But the bourgeoisie, which devotes so much to modernization, to development, to progress, is surprisingly unable to do so. This has already surprised a radical democrat like Thomas Paine in the 18th century. He observed that the bourgeoisie was prepared to historicize the idea of the social contract: Yes, it is then acknowledged that the commonwealth was once founded by a contract of all with all. But this act of foundation was unique and the heirs and descendants were thus bound until the end of time. Yet, according to Paine, no gender of men, no class and no parliament has the right or the power to bind the descendants in this way. "Each age, each sex must have just such freedom to act for itself in all cases as the ages and sexes before it. The vanity and presumption of wanting to rule even beyond the grave is the most ridiculous and insolent of all tyrants. Man possesses no property in man; neither does any generation in future generations possess property". (Paine 1792, 49) Marx also advocated this radical openness to the future in the wake of Paine, not from the past and memory, but from the future, comprehensive social emancipation should gain its self-understanding, not the dead but the living should determine (cf. Marx 1852, 117).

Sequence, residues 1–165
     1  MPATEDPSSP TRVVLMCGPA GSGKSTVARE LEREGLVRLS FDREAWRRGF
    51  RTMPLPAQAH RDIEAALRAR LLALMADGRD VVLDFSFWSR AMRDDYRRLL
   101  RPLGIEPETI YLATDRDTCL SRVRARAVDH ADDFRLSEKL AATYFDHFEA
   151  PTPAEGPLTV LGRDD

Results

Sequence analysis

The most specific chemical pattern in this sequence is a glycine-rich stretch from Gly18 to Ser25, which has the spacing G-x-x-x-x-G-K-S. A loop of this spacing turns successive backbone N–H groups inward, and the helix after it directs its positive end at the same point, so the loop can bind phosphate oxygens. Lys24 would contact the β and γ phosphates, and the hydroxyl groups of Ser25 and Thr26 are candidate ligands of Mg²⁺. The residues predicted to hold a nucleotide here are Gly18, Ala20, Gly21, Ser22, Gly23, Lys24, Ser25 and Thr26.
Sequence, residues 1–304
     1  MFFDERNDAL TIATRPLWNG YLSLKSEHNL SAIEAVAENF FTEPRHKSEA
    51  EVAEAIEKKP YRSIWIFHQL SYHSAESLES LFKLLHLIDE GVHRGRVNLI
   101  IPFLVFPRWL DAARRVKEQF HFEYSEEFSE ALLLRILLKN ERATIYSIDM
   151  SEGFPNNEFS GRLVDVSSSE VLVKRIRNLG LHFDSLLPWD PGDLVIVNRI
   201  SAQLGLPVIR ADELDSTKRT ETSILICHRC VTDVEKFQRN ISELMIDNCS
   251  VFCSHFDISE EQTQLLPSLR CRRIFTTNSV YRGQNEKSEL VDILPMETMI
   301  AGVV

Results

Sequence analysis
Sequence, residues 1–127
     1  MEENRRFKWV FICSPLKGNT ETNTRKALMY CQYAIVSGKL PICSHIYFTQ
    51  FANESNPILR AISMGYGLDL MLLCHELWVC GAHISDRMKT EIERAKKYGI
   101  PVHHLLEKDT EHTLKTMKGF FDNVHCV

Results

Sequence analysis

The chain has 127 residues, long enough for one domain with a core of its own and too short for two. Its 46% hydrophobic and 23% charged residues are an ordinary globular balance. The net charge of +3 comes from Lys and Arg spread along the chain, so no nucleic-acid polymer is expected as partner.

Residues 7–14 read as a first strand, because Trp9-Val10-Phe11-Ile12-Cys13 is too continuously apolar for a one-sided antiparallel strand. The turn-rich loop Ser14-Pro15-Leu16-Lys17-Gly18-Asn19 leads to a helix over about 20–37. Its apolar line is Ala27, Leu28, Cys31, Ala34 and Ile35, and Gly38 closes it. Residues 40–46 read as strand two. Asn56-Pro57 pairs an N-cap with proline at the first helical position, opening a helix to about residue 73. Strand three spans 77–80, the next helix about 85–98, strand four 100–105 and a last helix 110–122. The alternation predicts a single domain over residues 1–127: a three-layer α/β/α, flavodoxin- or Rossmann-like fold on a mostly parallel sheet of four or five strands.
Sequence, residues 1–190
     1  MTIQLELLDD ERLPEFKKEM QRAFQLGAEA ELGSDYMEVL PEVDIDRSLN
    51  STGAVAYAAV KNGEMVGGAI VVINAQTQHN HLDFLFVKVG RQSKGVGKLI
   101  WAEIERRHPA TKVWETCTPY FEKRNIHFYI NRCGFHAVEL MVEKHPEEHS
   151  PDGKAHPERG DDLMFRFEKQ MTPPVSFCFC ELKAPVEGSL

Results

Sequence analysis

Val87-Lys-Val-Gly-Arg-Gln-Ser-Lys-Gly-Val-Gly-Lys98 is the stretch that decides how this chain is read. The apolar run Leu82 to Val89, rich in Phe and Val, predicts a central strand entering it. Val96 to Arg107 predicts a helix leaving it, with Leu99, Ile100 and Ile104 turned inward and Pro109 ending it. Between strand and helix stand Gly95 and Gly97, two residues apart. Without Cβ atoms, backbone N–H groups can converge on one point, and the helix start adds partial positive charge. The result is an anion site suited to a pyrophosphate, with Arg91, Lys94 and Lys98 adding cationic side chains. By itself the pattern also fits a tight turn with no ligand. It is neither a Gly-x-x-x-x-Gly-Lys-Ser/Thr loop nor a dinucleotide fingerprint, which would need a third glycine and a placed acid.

This demand of Marx is unredeemed. With it he turns against the peculiar culture of the bourgeoisie, which puts its freedom newly won by political revolution into the arguments, the clothes and the architecture of the past of the Roman Empire. According to Marx, the fact that the modern political and social decision-making processes are carried out through ties to the past in such a way that the bourgeoisie is constantly being caught up in its past, in the traumas of its violence, promising remembrance and improvement, and yet is unable to put an end to the violence in the present, is itself no coincidence, but corresponds to the foundations on which the modern bourgeoisie organizes its life and self-preservation. This connection has been emphasized repeatedly since John Locke: it is property and its protection. Property is supposed to bind the following generations. But how does it happen? And above all, why does it happen? Because an everyday wisdom says that nobody takes anything with them when they are dead. So why is there the desire to determine the social dynamics, beyond one's own day, the future? Why, in the name of property titles acquired or to be defended, that is, in the name of something past and dead, are the living disadvantaged, injured or even killed?